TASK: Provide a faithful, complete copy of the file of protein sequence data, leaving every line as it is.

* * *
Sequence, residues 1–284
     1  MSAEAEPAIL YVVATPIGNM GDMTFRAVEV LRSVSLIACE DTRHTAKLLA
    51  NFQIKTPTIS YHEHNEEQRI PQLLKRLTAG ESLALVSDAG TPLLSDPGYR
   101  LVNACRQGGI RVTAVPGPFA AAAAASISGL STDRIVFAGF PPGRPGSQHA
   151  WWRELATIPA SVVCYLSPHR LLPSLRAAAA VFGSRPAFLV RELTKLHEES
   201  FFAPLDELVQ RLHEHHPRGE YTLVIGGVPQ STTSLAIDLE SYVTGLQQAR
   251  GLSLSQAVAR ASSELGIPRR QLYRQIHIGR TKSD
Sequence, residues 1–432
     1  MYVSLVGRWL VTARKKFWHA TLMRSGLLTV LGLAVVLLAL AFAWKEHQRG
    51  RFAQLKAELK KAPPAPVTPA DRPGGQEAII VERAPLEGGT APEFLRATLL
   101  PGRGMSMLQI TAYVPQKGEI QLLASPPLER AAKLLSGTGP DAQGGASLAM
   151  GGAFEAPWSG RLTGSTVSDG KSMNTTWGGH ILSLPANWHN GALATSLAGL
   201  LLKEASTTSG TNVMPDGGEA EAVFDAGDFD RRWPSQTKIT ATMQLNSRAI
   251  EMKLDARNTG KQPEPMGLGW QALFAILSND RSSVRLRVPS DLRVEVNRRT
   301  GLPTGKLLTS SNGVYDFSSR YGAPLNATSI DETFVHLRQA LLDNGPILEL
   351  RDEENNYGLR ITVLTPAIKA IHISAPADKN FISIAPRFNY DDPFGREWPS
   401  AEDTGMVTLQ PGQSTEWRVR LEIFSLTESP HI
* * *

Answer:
Sequence, residues 1–284
     1  MSAEAEPAIL YVVATPIGNM GDMTFRAVEV LRSVSLIACE DTRHTAKLLA
    51  NFQIKTPTIS YHEHNEEQRI PQLLKRLTAG ESLALVSDAG TPLLSDPGYR
   101  LVNACRQGGI RVTAVPGPFA AAAAASISGL STDRIVFAGF PPGRPGSQHA
   151  WWRELATIPA SVVCYLSPHR LLPSLRAAAA VFGSRPAFLV RELTKLHEES
   201  FFAPLDELVQ RLHEHHPRGE YTLVIGGVPQ STTSLAIDLE SYVTGLQQAR
   251  GLSLSQAVAR ASSELGIPRR QLYRQIHIGR TKSD
Sequence, residues 1–432
     1  MYVSLVGRWL VTARKKFWHA TLMRSGLLTV LGLAVVLLAL AFAWKEHQRG
    51  RFAQLKAELK KAPPAPVTPA DRPGGQEAII VERAPLEGGT APEFLRATLL
   101  PGRGMSMLQI TAYVPQKGEI QLLASPPLER AAKLLSGTGP DAQGGASLAM
   151  GGAFEAPWSG RLTGSTVSDG KSMNTTWGGH ILSLPANWHN GALATSLAGL
   201  LLKEASTTSG TNVMPDGGEA EAVFDAGDFD RRWPSQTKIT ATMQLNSRAI
   251  EMKLDARNTG KQPEPMGLGW QALFAILSND RSSVRLRVPS DLRVEVNRRT
   301  GLPTGKLLTS SNGVYDFSSR YGAPLNATSI DETFVHLRQA LLDNGPILEL
   351  RDEENNYGLR ITVLTPAIKA IHISAPADKN FISIAPRFNY DDPFGREWPS
   401  AEDTGMVTLQ PGQSTEWRVR LEIFSLTESP HI